13 450 27.5 1.20 67 −72.90 −91.30 0.5 0.5 0.5 2.5 No 
14 500 22.5 1.25 50 −74.05 −92.90 0.5 0.5 No 
15 1400 22.5 1.25 139 −73.73 −93.68 0.5 0.5 Yes 
16 1450 19.5 1.29 108 −70.03 −125.97 0.5 4.5 Yes 
17 1300 27 1.25 186 −73.89 −94.64 0.5 0.5 Yes 
18 400 20 1.11 31 −78.03 −92.95 0.5 0.5 No 
19 325 18.5 1.18 22 −78.21 −93.20 0.5 0.5 No 
20 200 9.5 1.11 −78.20 −93.82 0.5 0.5 0.5 2.5 No 
21 600 20.5 1.16 49 −78.15 −94.62 0.5 0.5 No 
22 375 18.5 1.06 25 −78.68 −95.65 0.5 0.5 0.5 2.5 No 
23 250 19 1.11 18 −78.52 −96.16 0.5 0.5 No 
24 700 26.5 1.30 96 −78.13 −96.36 0.5 0.5 0.5 2.5 No 
25 450 22.5 1.25 45 −78.00 −97.16 0.5 0.5 No 
26 250 13.5 1.25 −78.67 −97.68 No 
27 500 24.5 1.13 59 −74.97 −96.54 0.5 0.5 No 
28 400 16.5 1.36 21 −74.86 −97.42 0.5 3.5 No 
29 550 16 1.13 28 −75.07 −99.54 0.5 4.5 Yes 
30 820 20.5 1.16 68 −74.73 −99.04 0.5 4.5 Yes 
31 650 29 1.15 107 −75.07 −99.54 0.5 0.5 Yes 
32 750 31 1.07 141 −74.03 −98.83 0.5 0.5 No 
33 950 26 1.17 126 −74.21 −100.19 0.5 0.5 No 
34 900 30 1.14 159 −74.51 −99.94 0.5 0.5 Yes 
35 300 15.5 1.21 14 −74.72 −100.09 0.5 0.5 No 
36 325 11.5 1.30 −75.24 −96.95 0.5 0.5 No 
37 500 34 1.13 113 −72.19 −97.70 0.5 3.5 Yes 
38 1025 40.5 1.19 330 −72.54 −97.61 0.5 0.5 Yes 
39 400 20.5 1.16 33 −72.51 −98.38 0.5 3.5 Yes 
40 525 28 1.15 81 −72.42 −99.23 0.5 0.5 Yes 
41 325 20.5 1.16 27 −72.47 −99.94 0.5 3.5 Yes 
42 550 33.5 1.16 121 −72.32 −101.07 0.5 0.5 0.5 3.5 Yes 
43 225 11.5 1.30 −73.87 −103.30 0.5 0.5 No 
44 675 26.5 1.12 93 −75.45 −103.29 0.5 4.5 No 
45 350 9.5 1.38 −78.41 −101.96 0.5 0.5 No 
46 575 23 1.19 60 −79.65 −101.80 0.5 0.5 No 
47 275 12 1.18 −80.03 −101.60 0.5 0.5 No 
48 250 13 1.17 −80.15 −101.46 0.5 0.5 No 
49 175 21.5 1.15 16 −80.17 −103.39 0.5 0.5  0.5 0.5 No 
50 325 22 1.20 31 −78.87 −102.91 0.5 0.5 0.5 2.5 No 
51 225 27 1.16 32 −80.40 −105.61 0.5 0.5 No 
52 1175 23 1.19 122 −78.74 −104.24 0.5 4.5 No 
53 125 15 1.14 −77.61 −103.56 0.5 0.5 0.5 3.5 No 
54 225 11.5 1.30 −82.05 −111.42 0.5 0.5 No 
55 175 23 1.19 18 −77.43 −105.77 0.5 4.5 No 
56 150 1.25 −77.70 −74.55 0.5 0.5 No 
57 275 13.5 1.25 10 −78.46 −107.77 0.5 0.5 No 
58 175 11 1.44 −76.72 −106.61 0.5 4.5 No 
59 150 12.5 1.27 −76.87 −106.38 No 
60 1200 33.5 1.16 264 −79.15 −111.05 No 
61 450 14.5 1.23 19 −79.60 −111.45 0.5 2.5 No 
62 200 1.40 −80.42 −114.00 0.5 2.5 No 
63 425 10 1.22 −75.22 −106.92 0.5 0.5 0.5 0.5 No 
64 450 18 1.12 29 −75.71 −108.40 0.5 3.5 No 
65 375 14.5 1.23 15 −76.11 −107.68 0.5 3.5 No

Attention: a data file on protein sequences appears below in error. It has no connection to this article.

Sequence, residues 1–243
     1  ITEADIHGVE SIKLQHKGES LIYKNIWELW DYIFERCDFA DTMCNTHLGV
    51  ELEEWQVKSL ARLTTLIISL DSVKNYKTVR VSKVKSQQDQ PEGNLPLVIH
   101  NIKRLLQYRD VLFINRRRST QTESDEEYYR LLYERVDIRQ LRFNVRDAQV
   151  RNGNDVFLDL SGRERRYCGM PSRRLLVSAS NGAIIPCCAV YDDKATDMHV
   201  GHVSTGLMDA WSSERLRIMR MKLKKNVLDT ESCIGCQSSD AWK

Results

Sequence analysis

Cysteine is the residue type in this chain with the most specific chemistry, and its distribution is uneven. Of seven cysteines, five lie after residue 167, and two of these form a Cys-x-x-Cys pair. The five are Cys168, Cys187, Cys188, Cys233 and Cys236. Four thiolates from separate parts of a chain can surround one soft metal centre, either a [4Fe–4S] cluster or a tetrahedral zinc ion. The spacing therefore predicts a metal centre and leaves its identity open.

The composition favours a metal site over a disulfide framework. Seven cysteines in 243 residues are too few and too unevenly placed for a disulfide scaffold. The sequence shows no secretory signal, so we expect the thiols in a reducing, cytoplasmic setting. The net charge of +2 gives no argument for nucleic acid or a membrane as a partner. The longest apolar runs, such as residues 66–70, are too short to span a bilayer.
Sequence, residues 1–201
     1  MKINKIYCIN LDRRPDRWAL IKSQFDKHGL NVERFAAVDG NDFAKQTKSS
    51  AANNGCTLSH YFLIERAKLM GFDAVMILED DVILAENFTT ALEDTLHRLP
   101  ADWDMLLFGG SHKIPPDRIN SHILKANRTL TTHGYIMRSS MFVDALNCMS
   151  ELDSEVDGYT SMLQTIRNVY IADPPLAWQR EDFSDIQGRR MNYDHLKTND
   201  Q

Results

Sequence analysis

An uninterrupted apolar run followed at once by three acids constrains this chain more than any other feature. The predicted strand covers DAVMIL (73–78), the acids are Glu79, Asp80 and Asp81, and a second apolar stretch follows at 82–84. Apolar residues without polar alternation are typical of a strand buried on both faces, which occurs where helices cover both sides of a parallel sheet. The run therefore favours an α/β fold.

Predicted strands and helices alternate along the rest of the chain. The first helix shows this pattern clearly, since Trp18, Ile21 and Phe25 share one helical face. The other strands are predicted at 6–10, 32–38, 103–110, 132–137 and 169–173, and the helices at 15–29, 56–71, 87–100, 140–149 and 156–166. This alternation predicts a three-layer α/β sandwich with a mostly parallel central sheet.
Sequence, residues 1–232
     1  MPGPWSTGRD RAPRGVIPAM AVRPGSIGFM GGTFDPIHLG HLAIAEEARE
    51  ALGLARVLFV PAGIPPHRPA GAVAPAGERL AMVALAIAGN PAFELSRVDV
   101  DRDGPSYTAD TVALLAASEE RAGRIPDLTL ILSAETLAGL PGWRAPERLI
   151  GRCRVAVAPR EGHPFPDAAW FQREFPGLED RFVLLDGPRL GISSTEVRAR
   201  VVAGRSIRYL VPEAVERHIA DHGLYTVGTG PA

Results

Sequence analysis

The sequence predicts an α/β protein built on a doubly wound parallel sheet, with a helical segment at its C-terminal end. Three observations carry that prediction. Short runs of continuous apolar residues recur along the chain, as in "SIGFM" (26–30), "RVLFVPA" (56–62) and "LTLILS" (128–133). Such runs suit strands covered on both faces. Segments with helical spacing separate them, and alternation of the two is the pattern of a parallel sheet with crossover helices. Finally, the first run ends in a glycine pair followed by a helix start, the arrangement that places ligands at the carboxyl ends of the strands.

66 400 17 1.27 23 −76.38 −109.78 0.5 4.5 No 
67 325 10.5 1.33 −74.60 −110.62 0.5 0.5 0.5 3.5 No 
68 400 19 1.24 28 −74.81 −110.57 0.5 0.5 No 
69 350 14 1.33 13 −75.00 −110.43 0.5 0.5 0.5 3.5 No 
70 750 30 1.14 132 −74.89 −111.26 0.5 0.5 No 
71 2300 51.5 1.15 1197 −75.60 −110.70 0.5 4.5 Yes 
72 3200 58.5 1.13 2149 −76.52 −112.02 Yes 
73 250 15.5 1.07 12 −77.21 −111.92 0.5 0.5 No 
74 1025 36 1.00 261 −77.72 −112.64 0.5 0.5 No 
75 300 16 1.13 15 −77.67 −114.04 0.5 0.5 No 
76 625 26 1.17 83 −77.80 −115.00 0.5 4.5 No 
77 650 12 1.18 18 −78.08 −115.37 0.5 0.5 No 
78 400 10.5 1.33 −78.11 −115.93 0.5 0.5 No 
79 350 13.5 1.25 13 −78.93 −115.69 0.5 3.5 No 
80 325 20.5 1.28 27 −79.68 −113.53 No 
81 200 1.40 −80.38 −115.11 0.5 3.5 No 
82 125 4.5 1.25 −80.38 −115.11 0.5 3.5 No 
83 150 10 1.22 −80.34 −116.40 No 
84 1750 31.5 1.10 341 −80.30 −117.49 No 
85 800 20 1.22 63 −80.37 −118.90 0.5 4.5 No 
86 750 18.5 1.31 50 −80.73 −117.56 No 
87 150 10.5 1.33 −80.81 −118.65 No 
88 225 13 1.36 −80.87 −120.70 No 
89 100 1.25 −80.27 −117.62 No 
90 150 10.5 1.33 −80.41 −118.65 0.5 4.5 No 
91 550 29.5 1.19 94 −80.62 −120.12 0.5 4.5 No 
92 250 12.5 1.27 −79.96 −120.20 0.5 4.5 No 
93 150 10 1.22 −79.24 −119.18 No 
94 100 1.00 −79.37 −119.00 No 
95 125 7.5 1.14 −79.78 −115.18 0.5 0.5 No 
96 100 8.5 1.13 −78.46 −120.28 0.5 3.5 No 
97 1000 28.5 1.19 159 −77.54 −118.28 0.5 0.5 0.5 0.5 No 
98 2600 49.5 1.11 1250 −76.96 −117.78 0.5 4.5 Yes 
99 3850 58 1.11 2542 −76.07 −115.94 0.5 4.5 No 
100 1350 27.5 1.29 200 −76.73 −125.76 0.5 4.5 Yes 
101 1100 21 1.21 95 −76.93 −125.73 0.5 4.5 Yes 
102 1050 20 1.11 82 −77.11 −125.89 0.5 0.5 0.5 3.5 Yes 
103 2400 39 1.17 716 −77.32 −125.97 0.5 0.5 Yes 
104 1100 22 1.20 104 −77.46 −126.85 0.5 0.5 0.5 3.5 Yes 
105 550 29 1.15 91 −79.24 −128.12 0.5 0.5 0.5 2.5 No 
106 600 17 1.27 34 −81.34 −125.35 0.5 3.5 No 
107 150 11.5 1.30 −82.36 −127.50 No 
108 600 25.5 1.13 77 −83.98 −133.02 0.5 0.5 No 
109 500 39 1.11 149 −84.31 −131.87 0.5 0.5 0.5 3.5 No 
110 125 11.5 1.30 −81.82 −128.45 0.5 4.5 No 
111 100 1.29 −81.20 −129.58 No 
112 550 42 1.15 190 −81.62 −130.38 No 
113 275 28.5 1.19 44 −81.87 −130.76 No 
114 350 29 1.07 58 −82.41 −134.85 0.5 0.5 No 
115 150 10.5 1.33 −81.10 −132.52 0.5 4.5 No 
116 400 31.5 1.25 78 −81.36 −133.60 0.5 3.5 No 
117 100 1.40 −81.64 −134.55 No 
118 250 15.5 1.07 12 −81.55 −135.48 0.5 3.5 No